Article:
81 km north of Damascus; 8 km south west of Nabk, Yabrud lies in a
fertile pocket in the edge of the forbidding terrain of the
Anti-Lebanon and has evidence of settlement going back tens of
thousands of years. It once formed part of the domains of Agrippa II,
perhaps ceded to him as part of the Tetrarchy of Lysanias by Claudius
in AD 53. it was the seat of a bishop in the early Christian period.
The Greek Catholic of Constantine and Helen seems to have been built
largely with elements of the former Temple of Jupiter. The worship of
Jupiter in his local form seems to have achieved wider fame and an
altar to Malekiabrudis has been unearthed in Rome. The church contains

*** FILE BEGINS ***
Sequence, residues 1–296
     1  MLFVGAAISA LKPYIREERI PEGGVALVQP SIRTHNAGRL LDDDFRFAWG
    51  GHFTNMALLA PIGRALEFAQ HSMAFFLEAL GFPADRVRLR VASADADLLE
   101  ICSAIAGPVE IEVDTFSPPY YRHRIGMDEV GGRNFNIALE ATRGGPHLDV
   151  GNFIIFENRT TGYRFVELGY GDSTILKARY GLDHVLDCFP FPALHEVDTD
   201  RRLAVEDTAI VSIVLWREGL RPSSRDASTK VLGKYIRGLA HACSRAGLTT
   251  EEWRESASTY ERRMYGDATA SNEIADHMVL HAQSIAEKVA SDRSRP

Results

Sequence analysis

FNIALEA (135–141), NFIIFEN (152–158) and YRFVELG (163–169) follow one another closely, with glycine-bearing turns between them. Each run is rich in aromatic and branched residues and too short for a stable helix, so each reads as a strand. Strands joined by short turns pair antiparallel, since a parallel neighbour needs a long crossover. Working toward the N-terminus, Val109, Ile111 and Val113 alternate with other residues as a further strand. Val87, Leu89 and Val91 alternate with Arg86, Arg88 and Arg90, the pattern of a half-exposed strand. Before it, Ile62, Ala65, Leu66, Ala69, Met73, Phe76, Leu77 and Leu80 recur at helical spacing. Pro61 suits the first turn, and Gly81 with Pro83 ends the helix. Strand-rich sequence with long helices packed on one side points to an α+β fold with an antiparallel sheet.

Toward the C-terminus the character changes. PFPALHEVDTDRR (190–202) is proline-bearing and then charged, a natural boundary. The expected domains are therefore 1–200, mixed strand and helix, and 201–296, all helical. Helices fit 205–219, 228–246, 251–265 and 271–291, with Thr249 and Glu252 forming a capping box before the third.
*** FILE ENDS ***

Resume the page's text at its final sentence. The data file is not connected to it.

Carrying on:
a good collection of icons. The bases of three Roman columns can be
seen to the south. Other remains, perhaps of a temple, are found on the
tell to the north, looking out over the Anti-Lebanon, and a single
monolith tomb lies on the western edge of town.
There are several Roman tombs 3 km to the west, cut into the limestone
rock, one with two lions in relief besides the door and eleven carved
relief panels. Other rock-cut tombs are found left of the Maalula road.